From that point up the Bee-Em got a bit buzzy, and stayed that way until the redline at 7500rpm. But five grand in top is an indicated 90mph, so the Rockster was pleasantly smooth at a typical almost-legal motorway pace, with power in hand for brief bursts towards a top speed of about 120mph. By naked bike standards it's well suited to reasonably rapid cruising, too, as the flat bars and fairly rearset pegs give a roomy riding position.

Typical BMW touches include a generously sized seat for both rider and pillion (shame there's no grabrail though), and optional heated grips. On longer trips you're more likely to be annoyed by the motor's thirst, which has traditionally limited the R-bike's 20.5-litre tank range to less than 100 miles. Maybe the twin-plug heads will help fuel consumption slightly. I had neither time nor inclination to confirm this in America, land of the (nearly) free fill-up.

If the Rockster's straight-line performance was respectable without being razor sharp, then much the same was true of a chassis that gave the bike a very stable feel, plus enough agility to make for some fun in the bends. Much credit for that goes to the Telelever front end, which was a bit harsh on the wrists at slow speeds, but whose lack of brake dive made for solid and precise handling in the few Florida corners I found.

The single-shock rear end worked well, too, giving a fairly firm ride and soaking up most bumps effortlessly despite the extra weight of the drive-shaft assembly. Ground clearance was good enough that only the footrests touched down even when the bike was cranked over far enough to make the Pilot Sports work hard. There's a hydraulic remote preload adjuster, as well as adjustment for rebound damping.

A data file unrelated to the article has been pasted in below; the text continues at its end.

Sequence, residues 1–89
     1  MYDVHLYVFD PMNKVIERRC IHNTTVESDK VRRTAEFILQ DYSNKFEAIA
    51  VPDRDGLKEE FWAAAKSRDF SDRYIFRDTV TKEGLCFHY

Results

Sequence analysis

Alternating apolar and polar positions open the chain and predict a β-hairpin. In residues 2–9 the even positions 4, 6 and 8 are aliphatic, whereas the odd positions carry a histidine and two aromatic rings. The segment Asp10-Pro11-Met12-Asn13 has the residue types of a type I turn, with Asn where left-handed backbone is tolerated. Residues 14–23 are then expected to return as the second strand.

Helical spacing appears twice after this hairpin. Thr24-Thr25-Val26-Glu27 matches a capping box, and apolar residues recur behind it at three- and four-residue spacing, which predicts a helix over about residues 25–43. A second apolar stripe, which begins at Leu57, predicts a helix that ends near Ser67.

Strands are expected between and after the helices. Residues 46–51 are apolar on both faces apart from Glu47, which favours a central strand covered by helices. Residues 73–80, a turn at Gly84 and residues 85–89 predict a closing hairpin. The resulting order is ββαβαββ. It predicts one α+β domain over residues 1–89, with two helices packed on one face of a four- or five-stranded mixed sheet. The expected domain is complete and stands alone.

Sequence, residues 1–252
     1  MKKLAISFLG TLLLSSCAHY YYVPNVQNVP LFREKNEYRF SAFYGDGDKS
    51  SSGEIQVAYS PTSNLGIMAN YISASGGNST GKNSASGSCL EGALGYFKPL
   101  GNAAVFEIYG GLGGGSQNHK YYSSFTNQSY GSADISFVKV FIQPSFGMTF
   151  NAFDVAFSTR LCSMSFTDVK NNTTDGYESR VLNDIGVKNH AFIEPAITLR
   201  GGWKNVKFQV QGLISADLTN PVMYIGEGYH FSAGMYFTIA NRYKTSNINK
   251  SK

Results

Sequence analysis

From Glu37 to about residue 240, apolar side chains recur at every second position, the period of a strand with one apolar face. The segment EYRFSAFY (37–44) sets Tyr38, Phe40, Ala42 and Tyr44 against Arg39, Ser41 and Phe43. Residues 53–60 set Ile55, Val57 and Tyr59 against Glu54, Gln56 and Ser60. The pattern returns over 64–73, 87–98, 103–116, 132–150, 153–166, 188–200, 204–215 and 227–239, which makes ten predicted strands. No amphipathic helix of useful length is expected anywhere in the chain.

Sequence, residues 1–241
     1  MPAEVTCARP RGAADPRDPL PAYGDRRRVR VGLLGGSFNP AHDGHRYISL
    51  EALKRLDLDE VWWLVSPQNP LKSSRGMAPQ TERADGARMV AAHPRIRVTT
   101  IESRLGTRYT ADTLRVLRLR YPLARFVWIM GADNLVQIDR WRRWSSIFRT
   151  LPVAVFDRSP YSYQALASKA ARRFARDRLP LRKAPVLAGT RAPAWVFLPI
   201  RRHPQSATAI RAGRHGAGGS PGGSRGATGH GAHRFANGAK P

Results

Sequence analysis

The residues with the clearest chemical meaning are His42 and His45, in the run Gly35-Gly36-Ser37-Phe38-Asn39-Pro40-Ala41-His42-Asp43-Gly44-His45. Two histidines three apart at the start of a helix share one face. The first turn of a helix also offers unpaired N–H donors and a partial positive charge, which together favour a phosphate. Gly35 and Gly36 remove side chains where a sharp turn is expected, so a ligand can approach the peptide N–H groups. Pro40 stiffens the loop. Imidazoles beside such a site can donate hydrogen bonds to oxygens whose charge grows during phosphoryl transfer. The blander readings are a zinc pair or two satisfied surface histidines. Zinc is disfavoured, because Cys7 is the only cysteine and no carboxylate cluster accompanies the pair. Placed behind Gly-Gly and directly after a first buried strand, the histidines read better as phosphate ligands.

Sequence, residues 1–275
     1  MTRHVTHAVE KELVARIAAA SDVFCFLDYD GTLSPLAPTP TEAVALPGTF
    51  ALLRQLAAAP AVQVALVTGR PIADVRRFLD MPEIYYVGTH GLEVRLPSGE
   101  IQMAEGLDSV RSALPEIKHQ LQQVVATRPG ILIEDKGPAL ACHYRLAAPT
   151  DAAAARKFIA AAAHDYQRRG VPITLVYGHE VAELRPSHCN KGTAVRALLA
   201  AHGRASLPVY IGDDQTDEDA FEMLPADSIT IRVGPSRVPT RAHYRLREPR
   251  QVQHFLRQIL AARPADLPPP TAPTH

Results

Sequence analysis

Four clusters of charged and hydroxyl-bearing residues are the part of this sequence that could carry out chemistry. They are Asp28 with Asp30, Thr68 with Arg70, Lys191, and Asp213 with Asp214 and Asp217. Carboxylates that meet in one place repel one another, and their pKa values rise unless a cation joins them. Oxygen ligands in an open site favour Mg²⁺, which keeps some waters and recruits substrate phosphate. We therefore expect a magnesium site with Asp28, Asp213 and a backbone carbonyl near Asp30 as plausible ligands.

The EVO brake system delivered its impressive blend of servo-assisted stopping power from the front combo of 320mm discs and four-pot calipers, too, with the occasional help of the optional ABS system to calm the sharp rear. Most other details were present, correct and typically BMW, including the small but useful mirrors, traditional annoying switchgear, and what promises to be an excellent level of finish.

One thing that's hardly a BMW trait is that at £7295 on the road (plus £925 for ABS and hot grips) the Rockster is priced very competitively, at £300 more than the standard R. An eccentric naked bike like this is not for everyone, but don't be misled by the styling. It's a bit of a public-school punk rocker, this Rockster - built for people who are attracted to a nasty image, yet deep down really want something polite and refined. If that's your bag, you'll love it.

Wild looks and quirky paint scheme conceal a competent and well-built bike that goes, handles and stops well enough to be a laugh. Price is good too.


1993: BMW revives Boxer range with R1100RS sports-tourer, featuring Telelever front suspension. Unfaired R1100R roadster version follows with same 1085cc engine.

2001: R1100R is replaced by R1150R, featuring revamped styling, 1130cc motor from 1150GS and EVO brake system.

2002/3: Rockster displayed at Munich show. Positive response persuades BMW to put bike into production. To mark BMW's 80th anniversary, the firm will also build 2003 units of R1150R Rockster Edition 80, with white paintwork, heated grips and ABS as standard, costing £1000 extra.


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BMW R1150 Rockster specs

PRICE NEW - £7295
POWER - 85bhp@6750rpm
TORQUE - 73lb.ft@5250rpm   
WEIGHT - 219kg
SEAT HEIGHT - 835mm   
TOP SPEED - 120mph
0-60     - n/a